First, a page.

Professional Pay and Behavior in Jefferson County Contract Impasse?
Update , 12:45 PM: It looks like Jeffco isn’t alone with the impasse problem. Some teachers in Boulder Valley School District have taken it even further, staging a sick-out at Broomfield High School (H/T Complete Colorado).
And it’s not the first time. Five years ago — when I was just a wee baby — the Boulder Valley Education Association staged a major “sick-out”. Then, as now, the terms of their collective bargaining contract read:
There will be no strikes or other individual or concerted action designed to deprive the youth in the schools of services of Unit B employees [ed note: teachers and other certified professional non-administrative employees]. Any employee who engages in such actions during the term of this Agreement shall be subject to severe disciplinary action. Such disciplinary action shall be subject to the Grievance Procedure contained in this Agreement, except where applicable the state statute will apply.
Well, the online journalists at Face The State picked up the ball with a full-length story today, including quotes from a representative of the Jefferson County Education Association (JCEA) — the local teachers union.
The good news is that the union doesn’t appear ready to jump off the cliff and walk the picket line. The bad news is they seem ready to promote unprofessional behavior among the district’s teachers:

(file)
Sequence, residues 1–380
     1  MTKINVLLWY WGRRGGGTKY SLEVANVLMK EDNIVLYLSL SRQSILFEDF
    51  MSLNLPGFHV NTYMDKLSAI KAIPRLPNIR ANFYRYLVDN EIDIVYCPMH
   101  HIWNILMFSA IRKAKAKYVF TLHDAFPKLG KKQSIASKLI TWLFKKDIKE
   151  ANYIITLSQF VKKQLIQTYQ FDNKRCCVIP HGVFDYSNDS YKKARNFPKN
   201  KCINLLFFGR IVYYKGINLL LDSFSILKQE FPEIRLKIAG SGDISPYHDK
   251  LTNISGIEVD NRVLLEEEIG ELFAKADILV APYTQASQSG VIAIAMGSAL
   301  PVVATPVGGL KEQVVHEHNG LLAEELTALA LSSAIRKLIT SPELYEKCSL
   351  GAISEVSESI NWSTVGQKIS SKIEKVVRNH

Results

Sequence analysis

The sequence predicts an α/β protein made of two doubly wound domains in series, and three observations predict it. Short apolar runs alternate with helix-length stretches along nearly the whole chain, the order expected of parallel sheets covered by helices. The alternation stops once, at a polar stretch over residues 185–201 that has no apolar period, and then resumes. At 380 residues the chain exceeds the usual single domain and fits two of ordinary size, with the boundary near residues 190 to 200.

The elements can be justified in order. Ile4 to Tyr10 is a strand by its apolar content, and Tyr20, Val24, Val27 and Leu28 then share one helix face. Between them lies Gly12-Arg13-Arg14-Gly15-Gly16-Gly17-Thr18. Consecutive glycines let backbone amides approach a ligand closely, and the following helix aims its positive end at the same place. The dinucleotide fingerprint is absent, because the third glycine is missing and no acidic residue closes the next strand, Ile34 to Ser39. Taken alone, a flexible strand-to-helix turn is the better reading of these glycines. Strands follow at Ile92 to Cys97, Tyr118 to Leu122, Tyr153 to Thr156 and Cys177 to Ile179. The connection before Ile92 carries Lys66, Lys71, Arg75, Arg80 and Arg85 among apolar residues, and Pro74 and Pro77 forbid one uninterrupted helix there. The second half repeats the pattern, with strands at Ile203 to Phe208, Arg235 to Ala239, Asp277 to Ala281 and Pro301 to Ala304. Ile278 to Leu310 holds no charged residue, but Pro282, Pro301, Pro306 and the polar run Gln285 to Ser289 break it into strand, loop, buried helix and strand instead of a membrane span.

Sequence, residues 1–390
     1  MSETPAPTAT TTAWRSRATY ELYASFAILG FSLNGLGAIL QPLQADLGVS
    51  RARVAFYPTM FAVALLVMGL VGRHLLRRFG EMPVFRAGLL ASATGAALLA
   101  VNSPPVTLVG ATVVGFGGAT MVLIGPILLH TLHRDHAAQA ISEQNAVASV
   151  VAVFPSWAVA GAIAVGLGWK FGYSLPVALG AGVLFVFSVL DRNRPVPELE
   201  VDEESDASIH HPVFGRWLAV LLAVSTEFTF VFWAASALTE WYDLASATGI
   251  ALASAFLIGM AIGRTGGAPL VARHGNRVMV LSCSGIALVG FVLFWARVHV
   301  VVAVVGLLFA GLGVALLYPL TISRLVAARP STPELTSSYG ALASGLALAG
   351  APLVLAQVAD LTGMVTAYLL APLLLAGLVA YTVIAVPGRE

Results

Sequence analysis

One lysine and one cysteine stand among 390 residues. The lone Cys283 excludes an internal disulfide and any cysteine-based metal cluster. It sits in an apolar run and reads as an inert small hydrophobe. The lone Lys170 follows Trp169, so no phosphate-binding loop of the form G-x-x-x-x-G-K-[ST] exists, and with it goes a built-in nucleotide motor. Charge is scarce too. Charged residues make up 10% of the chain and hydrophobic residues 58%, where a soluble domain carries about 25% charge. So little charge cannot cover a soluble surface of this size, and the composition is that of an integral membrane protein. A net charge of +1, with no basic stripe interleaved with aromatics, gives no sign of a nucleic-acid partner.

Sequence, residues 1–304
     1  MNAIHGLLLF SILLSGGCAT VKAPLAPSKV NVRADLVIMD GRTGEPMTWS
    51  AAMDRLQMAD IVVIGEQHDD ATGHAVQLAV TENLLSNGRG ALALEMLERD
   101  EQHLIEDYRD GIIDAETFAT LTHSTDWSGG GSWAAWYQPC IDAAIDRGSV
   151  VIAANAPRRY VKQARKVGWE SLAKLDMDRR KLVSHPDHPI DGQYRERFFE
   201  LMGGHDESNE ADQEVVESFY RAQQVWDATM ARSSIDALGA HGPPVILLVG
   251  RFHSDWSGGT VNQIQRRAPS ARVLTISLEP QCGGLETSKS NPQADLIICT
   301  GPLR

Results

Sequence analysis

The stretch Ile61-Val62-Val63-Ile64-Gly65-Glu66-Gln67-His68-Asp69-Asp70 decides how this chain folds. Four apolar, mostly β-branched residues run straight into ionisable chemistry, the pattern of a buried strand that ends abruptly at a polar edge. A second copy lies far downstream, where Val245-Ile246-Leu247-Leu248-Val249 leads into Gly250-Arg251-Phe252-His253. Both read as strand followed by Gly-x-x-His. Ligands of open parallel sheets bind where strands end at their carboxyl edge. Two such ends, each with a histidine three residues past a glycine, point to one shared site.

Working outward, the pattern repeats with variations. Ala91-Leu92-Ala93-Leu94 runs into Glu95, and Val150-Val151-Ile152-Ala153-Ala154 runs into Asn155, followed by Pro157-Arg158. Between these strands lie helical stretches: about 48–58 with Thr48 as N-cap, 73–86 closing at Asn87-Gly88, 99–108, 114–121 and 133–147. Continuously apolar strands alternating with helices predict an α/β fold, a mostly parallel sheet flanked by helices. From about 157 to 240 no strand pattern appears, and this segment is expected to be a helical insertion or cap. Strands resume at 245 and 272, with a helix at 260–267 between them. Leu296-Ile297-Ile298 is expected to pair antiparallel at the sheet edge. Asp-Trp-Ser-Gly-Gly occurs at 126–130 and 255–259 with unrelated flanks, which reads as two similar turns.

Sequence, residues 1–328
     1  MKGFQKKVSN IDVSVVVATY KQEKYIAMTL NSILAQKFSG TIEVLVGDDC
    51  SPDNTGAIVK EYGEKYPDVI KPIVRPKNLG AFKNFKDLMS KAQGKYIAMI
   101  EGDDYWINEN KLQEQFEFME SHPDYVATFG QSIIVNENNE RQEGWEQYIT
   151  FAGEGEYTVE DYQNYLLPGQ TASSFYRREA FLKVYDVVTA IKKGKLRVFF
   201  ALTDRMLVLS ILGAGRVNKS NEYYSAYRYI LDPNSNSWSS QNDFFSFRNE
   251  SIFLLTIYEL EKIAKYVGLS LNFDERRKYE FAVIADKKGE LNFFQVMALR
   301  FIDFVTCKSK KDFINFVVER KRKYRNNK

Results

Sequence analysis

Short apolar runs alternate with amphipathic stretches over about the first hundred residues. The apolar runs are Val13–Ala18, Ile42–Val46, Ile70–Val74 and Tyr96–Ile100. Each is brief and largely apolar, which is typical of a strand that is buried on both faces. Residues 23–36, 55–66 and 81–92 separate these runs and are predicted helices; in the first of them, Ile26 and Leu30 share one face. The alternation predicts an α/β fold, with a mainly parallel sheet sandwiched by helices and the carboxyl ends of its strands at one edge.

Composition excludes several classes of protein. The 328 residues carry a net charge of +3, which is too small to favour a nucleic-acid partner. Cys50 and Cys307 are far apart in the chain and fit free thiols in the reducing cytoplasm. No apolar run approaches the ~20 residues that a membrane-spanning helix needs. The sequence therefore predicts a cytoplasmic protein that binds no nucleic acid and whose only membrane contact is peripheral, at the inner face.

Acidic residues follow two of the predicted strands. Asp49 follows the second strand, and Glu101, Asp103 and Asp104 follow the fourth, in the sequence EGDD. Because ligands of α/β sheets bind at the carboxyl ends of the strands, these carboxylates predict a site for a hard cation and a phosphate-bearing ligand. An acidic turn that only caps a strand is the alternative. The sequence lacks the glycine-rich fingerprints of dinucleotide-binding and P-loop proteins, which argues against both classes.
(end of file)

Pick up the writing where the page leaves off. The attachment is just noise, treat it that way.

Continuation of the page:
[Spokesman Dexter] Meyers [sic] said an impasse does not mean a strike. “Teachers have many tools in their collective action bag short of a strike,” he said.
One such tool, says Meyers, includes teachers working to the letter of the contract. “Our teachers put in an average of about 60 hours a week,” he said. “Our contract pays them 40 hours a week.”
Ben also got a couple licks in, noting that the district would be better off making changes to the way teachers are paid:
“It would not be wise to use the stimulus money for salary increases because that is only one-time money,” DeGrow aded [sic]. “President Obama has touted reform, so it would be better to see this money used to actually push reforms, like performance pay.”
Of course, that’s the kind of “professional pay” you won’t hear JCEA and its state body the Colorado Education Association arguing for. (I hope they don’t consider work slowdowns “professional behavior”.) If the impasse doesn’t get resolved, however, a much different kind of argument may be on our hands.